Often overlooked, Hideo Gosha's 1964 debut acted as a prequel of sorts to the long-running Japanese television series of the same name. A bloody good (in every way) example of the much-mined strata of Japanese swords and samurai pictures known collectively as chanbara, Three Outlaw Samurai could be construed as kin to Akira Kurosawa's samurai outings, but Gosha is less interested in the classical elements of the genre than he is in painting a portrait of warriors caught in the grip of blind loyalty, honor collapsing into dishonor, and a sort of personal moral maelstrom which no one survives fully intact.
The director's grim worldview and inherent, artistic mistrust of authority is evident in the opening scene, which introduces wandering ronin Sakon Shiba (Tetsurô Tanba) who, sauntering down a dusty rural road, stumbles into a kidnapping. The kidnappee turns out to be the local magistrate's daughter, and the three peasants holding her hostage have, as is quickly revealed, a legitimate beef: The haughty magistrate in question refuses to meet with them so that they may air their grievances. At Shiba's back is the second titular samurai, Kikyô (Mikijiro Hira), and then the third, Sakura (Isamu Nagato), currently imprisoned by the magistrate, who agrees to go kill the offending villagers in return for his freedom. Once the battle commences, however, allegiances become utterly porous, even meaningless, and a bloodbath ensues.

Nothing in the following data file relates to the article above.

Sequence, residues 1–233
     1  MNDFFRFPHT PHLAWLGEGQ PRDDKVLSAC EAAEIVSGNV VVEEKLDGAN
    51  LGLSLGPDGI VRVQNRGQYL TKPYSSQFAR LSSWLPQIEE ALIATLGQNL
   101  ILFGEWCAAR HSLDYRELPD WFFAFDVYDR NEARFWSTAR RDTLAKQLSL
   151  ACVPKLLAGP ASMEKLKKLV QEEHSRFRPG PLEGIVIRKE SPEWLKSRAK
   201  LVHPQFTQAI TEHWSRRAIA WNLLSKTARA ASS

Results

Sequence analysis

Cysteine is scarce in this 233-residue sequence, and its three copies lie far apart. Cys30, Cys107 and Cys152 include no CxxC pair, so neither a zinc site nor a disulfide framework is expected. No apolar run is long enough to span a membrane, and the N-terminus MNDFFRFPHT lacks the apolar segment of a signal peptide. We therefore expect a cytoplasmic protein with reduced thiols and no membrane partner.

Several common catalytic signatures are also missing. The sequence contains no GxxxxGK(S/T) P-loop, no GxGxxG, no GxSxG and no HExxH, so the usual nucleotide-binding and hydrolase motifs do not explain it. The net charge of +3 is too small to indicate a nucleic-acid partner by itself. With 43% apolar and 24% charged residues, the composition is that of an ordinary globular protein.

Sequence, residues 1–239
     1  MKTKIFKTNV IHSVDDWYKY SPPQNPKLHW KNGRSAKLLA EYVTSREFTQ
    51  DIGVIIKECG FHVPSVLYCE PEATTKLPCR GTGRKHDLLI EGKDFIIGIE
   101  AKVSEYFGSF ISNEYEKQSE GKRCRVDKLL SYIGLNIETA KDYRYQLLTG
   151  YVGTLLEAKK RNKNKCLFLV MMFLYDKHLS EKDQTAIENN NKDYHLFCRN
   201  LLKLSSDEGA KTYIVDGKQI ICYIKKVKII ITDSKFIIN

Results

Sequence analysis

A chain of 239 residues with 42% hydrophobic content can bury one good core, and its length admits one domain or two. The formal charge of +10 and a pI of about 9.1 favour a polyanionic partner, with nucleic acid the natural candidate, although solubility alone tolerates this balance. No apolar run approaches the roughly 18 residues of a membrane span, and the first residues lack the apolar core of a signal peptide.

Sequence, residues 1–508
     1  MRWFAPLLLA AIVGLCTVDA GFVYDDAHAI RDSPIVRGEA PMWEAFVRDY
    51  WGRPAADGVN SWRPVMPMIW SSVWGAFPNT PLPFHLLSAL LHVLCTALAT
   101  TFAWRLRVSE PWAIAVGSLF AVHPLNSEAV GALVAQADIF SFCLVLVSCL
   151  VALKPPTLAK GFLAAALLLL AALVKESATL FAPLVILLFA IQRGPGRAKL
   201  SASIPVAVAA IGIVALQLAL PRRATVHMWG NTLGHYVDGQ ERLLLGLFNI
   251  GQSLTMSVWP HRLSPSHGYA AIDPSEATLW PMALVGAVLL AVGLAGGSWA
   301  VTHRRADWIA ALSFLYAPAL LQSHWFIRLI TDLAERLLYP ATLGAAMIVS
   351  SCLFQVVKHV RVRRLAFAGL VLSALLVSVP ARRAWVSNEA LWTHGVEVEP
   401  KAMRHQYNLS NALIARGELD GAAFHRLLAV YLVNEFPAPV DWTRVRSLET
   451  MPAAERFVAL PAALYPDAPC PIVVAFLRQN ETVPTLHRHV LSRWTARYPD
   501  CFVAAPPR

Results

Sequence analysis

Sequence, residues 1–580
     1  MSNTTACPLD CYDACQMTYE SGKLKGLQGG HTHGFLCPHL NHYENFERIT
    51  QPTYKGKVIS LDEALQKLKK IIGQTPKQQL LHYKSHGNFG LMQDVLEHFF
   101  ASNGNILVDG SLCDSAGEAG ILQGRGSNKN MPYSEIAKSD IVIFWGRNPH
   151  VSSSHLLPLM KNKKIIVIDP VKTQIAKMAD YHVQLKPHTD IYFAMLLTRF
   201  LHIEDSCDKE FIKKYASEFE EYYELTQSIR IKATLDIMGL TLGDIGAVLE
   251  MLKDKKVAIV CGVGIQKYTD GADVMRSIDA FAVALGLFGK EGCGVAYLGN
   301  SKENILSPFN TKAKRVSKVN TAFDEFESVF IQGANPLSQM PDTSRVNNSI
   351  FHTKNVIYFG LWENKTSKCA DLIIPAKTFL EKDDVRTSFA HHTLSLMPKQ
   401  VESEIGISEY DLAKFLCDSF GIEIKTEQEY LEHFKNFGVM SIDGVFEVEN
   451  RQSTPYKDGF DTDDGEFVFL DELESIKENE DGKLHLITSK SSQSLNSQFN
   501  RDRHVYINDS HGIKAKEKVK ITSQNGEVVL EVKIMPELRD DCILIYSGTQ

What's great about Gosha's film isn't only the director's remarkable compositions and exquisitely timed fight choreography – every single action director in Hollywood could learn a thing or 20 from Gosha's economical but emotionally unsparing set-pieces – but also his steadfast nihilism that borders on the existential. The title says it all: three blind men, their notions of honor and loyalty as fluid as the sprays of blood that fly from the razored edges of their Bushido blades, neither heroes nor antiheroes, presumably doomed to wander the land forever trapped by crumbling codes that no longer function as they once did.
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